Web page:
Choose a snare sample or layer 3 together to get a big and deep sound. Also search out any other percussion sounds you’d like in the beat.
The typical bass, snare, cymbals, toms, and cowbell will suffice, or you can create a completely unique beat by choosing less obvious samples. Try a gun shot, a stadium foot stomp, a clap, a car sound. Dubstep percussion has a lot of presence to it so feel free to mess with reverb and effects on the samples. Now program that beat!
2. Create a memorable melody. You can most likely use the same synth to create your melody sound or sample. Either browse the pre-made patches or start tweaking to get the sound you’re thinking of.
Hum it out before you start recording. Figure out the notes using your piano, keyboard, guitar, or any other instrument you’d like to write music on and record the idea.
While dubstep doesn’t layer sounds to the extent of some other genres, it may be a good idea to add extra layers over your melody. Even if they mimic other patterns very closely, you will be able to add layers as you get closer to the drop, creating excitement.
3. Break it down. A must-do in any attempt at a classic dubstep track is what is affectionately known as the “drop.” At the climax, break the song down to just the beat, some tweaked-out wobbles, and effects. Go wild. This is basically a digital, machine-like guitar solo that gets people on the dance floor going crazy.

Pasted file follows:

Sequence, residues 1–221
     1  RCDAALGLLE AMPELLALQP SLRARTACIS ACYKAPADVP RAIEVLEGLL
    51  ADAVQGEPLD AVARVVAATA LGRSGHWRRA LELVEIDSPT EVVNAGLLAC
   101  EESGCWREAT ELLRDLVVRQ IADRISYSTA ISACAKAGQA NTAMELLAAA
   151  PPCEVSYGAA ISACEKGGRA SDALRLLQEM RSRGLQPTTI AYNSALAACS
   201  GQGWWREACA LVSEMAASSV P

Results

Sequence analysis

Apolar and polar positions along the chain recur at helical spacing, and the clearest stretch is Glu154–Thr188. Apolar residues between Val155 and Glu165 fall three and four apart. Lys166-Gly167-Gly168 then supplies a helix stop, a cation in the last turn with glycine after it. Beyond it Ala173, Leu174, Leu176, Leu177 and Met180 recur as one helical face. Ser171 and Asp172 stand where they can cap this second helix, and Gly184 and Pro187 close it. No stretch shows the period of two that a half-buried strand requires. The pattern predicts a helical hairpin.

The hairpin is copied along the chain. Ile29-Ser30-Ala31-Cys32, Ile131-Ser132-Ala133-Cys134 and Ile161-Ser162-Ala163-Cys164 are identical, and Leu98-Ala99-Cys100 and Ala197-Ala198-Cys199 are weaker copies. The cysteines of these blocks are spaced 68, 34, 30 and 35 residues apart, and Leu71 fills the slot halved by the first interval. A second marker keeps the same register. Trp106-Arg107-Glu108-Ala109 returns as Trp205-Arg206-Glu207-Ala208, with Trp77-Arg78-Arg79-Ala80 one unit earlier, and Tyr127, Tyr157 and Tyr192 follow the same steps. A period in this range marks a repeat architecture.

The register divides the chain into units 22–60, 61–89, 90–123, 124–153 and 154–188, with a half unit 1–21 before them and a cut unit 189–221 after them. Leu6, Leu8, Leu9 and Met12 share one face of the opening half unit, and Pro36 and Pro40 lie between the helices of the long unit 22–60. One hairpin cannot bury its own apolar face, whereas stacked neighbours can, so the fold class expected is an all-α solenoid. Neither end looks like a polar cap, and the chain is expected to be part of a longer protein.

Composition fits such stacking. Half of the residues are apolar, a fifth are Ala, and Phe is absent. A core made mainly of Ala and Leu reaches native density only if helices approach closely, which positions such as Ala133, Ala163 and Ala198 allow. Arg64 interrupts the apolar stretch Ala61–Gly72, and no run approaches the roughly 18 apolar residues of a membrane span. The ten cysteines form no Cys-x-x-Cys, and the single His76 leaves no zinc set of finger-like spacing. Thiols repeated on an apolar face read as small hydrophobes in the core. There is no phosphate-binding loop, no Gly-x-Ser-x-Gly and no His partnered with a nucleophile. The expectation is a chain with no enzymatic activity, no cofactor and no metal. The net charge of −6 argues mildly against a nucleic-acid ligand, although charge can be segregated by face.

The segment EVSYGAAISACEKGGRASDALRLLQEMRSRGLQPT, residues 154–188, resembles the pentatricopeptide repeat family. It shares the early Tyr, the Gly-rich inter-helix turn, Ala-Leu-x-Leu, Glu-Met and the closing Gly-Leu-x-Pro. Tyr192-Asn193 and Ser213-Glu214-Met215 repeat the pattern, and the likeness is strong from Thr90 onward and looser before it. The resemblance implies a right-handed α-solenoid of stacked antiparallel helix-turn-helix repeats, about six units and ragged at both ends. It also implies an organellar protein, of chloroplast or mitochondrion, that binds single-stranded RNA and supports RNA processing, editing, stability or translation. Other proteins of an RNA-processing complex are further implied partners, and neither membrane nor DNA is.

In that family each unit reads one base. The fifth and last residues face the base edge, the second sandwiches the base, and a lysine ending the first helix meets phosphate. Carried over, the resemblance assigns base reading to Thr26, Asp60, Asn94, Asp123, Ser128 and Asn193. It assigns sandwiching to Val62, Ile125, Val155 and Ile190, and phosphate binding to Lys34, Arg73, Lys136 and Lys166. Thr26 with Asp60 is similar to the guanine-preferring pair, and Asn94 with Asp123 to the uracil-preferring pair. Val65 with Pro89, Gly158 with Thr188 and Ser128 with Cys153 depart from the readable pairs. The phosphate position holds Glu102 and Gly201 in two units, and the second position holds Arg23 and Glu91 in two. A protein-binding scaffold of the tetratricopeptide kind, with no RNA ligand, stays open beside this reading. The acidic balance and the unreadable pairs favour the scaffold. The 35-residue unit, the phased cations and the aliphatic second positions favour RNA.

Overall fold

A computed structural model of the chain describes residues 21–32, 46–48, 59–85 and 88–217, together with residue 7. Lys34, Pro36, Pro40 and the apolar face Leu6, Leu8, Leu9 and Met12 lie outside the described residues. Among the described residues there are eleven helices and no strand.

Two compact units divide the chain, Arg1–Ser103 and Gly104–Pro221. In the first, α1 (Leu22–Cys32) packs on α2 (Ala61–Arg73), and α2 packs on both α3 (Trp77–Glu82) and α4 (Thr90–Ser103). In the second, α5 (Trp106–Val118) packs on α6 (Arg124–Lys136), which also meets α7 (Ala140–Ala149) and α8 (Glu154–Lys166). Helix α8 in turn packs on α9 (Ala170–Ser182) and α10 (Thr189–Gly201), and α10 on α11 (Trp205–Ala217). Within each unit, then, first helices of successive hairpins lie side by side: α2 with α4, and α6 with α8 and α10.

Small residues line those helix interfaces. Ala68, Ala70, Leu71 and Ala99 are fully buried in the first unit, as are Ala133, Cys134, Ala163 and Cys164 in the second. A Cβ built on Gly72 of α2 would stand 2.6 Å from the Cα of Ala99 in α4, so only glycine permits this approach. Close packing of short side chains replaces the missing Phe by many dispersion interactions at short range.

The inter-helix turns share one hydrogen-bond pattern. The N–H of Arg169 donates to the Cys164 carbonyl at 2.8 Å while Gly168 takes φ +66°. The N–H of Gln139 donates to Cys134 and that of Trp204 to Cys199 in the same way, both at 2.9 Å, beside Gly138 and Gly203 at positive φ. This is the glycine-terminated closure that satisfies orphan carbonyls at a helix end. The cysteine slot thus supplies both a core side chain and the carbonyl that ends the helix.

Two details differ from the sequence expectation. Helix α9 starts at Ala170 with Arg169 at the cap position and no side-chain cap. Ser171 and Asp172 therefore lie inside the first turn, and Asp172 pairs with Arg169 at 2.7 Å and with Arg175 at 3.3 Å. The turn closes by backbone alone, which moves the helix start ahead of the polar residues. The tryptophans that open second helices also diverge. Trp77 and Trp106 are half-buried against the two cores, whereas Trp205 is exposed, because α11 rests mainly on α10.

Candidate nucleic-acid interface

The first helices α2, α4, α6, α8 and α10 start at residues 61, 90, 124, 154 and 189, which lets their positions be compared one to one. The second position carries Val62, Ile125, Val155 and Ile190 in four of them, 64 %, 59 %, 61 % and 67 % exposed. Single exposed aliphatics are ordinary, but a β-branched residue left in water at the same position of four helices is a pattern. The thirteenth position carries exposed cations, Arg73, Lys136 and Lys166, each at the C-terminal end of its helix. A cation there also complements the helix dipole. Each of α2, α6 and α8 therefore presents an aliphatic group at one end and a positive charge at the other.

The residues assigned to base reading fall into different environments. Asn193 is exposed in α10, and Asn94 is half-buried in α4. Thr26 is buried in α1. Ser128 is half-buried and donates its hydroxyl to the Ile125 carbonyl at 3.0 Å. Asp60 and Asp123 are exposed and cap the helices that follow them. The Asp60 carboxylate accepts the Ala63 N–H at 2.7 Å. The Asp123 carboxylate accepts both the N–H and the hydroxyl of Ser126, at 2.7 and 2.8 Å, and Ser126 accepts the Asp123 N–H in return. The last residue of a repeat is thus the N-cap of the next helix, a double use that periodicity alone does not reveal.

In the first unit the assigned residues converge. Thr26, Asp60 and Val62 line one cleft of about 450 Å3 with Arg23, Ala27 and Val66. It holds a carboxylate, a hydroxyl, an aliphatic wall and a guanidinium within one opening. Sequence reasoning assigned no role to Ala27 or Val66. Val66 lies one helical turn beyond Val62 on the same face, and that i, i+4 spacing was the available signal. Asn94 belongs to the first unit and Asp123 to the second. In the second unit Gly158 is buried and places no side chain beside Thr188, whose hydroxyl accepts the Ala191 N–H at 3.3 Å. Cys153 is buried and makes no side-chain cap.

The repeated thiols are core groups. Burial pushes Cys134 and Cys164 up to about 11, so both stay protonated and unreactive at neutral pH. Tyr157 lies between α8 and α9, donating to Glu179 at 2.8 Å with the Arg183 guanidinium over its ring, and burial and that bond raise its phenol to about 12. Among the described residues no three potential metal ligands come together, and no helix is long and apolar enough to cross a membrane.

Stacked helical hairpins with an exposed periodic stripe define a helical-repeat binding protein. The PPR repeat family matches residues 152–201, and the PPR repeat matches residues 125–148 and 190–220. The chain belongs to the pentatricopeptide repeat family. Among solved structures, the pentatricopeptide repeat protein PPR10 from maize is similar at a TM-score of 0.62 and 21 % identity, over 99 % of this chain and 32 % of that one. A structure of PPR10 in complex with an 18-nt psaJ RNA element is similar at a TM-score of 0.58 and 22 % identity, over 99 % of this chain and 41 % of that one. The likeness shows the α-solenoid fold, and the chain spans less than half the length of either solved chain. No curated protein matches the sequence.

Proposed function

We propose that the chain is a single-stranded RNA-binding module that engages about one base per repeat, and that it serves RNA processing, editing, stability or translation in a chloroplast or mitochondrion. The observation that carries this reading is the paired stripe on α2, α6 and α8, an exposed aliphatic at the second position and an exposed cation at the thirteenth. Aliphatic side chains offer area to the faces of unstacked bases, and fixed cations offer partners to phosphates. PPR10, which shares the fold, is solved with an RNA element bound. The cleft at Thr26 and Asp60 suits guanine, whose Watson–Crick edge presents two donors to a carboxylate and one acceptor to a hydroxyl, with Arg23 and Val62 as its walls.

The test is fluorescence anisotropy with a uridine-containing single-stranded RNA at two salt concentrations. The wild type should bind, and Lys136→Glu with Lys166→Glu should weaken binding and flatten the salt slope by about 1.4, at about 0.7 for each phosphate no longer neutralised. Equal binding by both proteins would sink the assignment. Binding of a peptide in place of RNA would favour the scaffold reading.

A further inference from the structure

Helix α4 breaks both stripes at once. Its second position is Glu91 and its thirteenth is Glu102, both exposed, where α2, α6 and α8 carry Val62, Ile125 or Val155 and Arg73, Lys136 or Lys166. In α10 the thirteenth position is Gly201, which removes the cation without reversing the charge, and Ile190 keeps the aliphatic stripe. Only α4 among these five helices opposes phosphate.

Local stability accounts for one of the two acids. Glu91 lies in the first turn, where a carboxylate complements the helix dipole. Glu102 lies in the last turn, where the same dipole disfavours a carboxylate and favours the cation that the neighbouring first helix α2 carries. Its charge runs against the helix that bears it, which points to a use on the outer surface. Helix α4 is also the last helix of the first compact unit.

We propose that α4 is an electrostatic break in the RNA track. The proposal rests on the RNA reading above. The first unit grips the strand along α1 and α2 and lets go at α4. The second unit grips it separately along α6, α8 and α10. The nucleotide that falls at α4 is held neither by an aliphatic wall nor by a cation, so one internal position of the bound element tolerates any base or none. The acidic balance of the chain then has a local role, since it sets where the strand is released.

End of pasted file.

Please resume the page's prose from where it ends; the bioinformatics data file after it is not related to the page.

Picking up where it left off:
Build up to the drop and play tricks on people by dropping it in an unexpected place or by adding an extra beat here or an extra wobble there. One of the cool things about dubstep is keeping the beat kind of loose and unexpected. It stays on beat but never lands in the same place every time, keeping the beat evolving and exciting.
4. Be creative. Recreate what you hear in your head. Sometimes what you stumble upon while trying to recreate what you hear in your head can actually be better, so feel free to run with it if it sounds good, even if it wasn’t your original idea. If the idea was that great, it’ll come back to you.
5. Maximize it. Have a professional mix the track (it’s well worth the dough) or go the quick and easy route – add a maximizer to compress and boost all the levels. You’ll achieve a more radio-friendly volume.